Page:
article in my Facebook newsfeed from Vanity Fair with the headline, "Tinder and the Dawn of the 'Dating Apocalypse.'" I read through it and thought, Is this really what I encounter these days as a single guy, hoping to date someone again? Since I'm not on Tinder, the answer was no.
I found the article to ring true about a few people I know who are a little younger than me. I have yet to see in my dating life where hook-up culture clashed with my hopes of meaningful conversations and monogamy. But the article did make me do a mental inventory of where I'm at now.
Since my previous relationship ended last summer, I have been on exactly one date. I don't wear that as a badge of honor or an albatross. Simply, it's the reality that has happened. I've needed time to grieve over a lot of matters that happened last year. My hope has been to work on myself, trying to clean my side of the street to the best of my ability. That way, someone new can walk down it without fear stepping into garbage, vomit, and/or poop.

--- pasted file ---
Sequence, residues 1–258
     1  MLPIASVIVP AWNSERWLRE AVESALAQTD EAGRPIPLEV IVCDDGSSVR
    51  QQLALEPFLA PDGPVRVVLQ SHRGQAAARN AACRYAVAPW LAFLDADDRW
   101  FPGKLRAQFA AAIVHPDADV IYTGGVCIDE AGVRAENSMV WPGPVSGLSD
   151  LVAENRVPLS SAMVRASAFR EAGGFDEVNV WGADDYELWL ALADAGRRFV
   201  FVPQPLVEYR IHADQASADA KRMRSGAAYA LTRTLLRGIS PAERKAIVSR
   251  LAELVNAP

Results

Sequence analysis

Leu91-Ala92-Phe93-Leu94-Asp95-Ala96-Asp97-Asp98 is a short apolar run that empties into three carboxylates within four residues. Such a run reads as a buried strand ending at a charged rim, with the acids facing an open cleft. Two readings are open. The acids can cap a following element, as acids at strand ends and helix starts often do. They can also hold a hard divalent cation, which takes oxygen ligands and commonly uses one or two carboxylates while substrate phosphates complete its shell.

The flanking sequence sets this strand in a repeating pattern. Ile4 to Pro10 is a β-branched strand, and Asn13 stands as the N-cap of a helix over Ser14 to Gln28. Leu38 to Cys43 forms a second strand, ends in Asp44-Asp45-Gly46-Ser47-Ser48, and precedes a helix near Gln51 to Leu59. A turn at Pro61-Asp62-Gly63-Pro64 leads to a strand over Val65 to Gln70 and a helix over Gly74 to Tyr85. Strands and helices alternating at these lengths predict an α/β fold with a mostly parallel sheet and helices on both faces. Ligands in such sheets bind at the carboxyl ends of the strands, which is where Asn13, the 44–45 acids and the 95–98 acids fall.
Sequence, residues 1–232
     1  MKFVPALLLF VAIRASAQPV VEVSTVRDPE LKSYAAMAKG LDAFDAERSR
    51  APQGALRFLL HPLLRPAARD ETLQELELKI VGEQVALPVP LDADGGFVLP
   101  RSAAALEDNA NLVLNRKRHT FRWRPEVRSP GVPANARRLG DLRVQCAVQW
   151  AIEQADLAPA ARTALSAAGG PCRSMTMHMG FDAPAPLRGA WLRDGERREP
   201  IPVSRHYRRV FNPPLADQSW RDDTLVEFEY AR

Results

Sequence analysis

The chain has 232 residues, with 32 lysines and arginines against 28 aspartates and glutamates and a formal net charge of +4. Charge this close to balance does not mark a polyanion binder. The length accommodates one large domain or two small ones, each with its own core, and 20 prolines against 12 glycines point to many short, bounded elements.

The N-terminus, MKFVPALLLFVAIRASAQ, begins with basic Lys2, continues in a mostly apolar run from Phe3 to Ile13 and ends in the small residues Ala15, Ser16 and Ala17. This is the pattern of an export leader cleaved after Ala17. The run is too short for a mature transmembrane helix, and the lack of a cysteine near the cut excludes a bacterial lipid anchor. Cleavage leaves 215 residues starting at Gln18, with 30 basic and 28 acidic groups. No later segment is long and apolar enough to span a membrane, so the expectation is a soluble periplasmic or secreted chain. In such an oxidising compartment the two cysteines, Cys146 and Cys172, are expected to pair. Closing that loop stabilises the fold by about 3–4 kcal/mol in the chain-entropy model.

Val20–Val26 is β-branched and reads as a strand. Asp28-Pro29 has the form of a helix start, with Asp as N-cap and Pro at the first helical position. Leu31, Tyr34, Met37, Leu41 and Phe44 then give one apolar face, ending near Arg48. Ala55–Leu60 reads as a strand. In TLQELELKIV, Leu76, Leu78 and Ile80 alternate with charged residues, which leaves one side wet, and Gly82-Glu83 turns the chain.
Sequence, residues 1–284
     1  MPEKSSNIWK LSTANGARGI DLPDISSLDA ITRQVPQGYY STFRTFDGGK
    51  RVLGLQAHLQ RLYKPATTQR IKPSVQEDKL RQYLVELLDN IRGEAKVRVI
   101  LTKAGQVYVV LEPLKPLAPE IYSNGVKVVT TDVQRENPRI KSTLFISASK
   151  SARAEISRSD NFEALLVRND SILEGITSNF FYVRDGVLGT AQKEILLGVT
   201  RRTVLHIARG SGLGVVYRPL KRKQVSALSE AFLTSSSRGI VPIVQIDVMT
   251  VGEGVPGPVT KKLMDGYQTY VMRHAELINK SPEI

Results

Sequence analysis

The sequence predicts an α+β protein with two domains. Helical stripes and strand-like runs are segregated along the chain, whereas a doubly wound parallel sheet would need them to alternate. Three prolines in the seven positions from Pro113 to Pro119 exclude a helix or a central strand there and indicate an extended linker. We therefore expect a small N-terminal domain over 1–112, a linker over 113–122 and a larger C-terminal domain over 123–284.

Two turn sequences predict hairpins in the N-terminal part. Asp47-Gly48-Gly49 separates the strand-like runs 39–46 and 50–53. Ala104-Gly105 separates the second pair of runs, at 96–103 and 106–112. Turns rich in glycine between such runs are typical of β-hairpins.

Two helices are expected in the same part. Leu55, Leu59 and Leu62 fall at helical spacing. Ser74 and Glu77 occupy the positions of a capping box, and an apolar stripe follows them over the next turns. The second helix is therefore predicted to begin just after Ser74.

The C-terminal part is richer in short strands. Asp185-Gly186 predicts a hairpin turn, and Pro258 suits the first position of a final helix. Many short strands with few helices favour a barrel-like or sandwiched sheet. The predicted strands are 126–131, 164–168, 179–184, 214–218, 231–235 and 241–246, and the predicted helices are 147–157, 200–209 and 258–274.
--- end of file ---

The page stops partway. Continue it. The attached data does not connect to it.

Still, there are blockades to getting down to a thorough cleaning. I'm not one of those people that can immediately bounce back into another relationship when one ends. I know many people who can do that, but I accept I'm not like them. I'm not better or worse; I take things at a different pace.
What hampers my ability to open up to new people comes from obsessive thinking and awkwardness when I am around people I don't know. I'm always thinking too much about this or that, usually some bad experience that I use as an excuse to not try something again. Previous failures have erroneously made me think I should never try something like them ever again. The whole, "What can I do to make sure this never happens again?" served as apt excuse for so many years, unfortunately.
My twenties were filled with a lot of parties and concerts, meeting many people I still keep in touch with. I didn't really date anyone, but the topic of dating somebody was on my mind all the time. I don't long for those days to come back, as I am much happier in my mid-30s with the occasional party and even more concerts than before. The thing is, I appear to be a social person when I'm with people I know, but when I'm unaccompanied, I'm detached and awkward. If I'm at a show, I'm very focused on watching the bands, rather than getting drinks and trying to make new connections.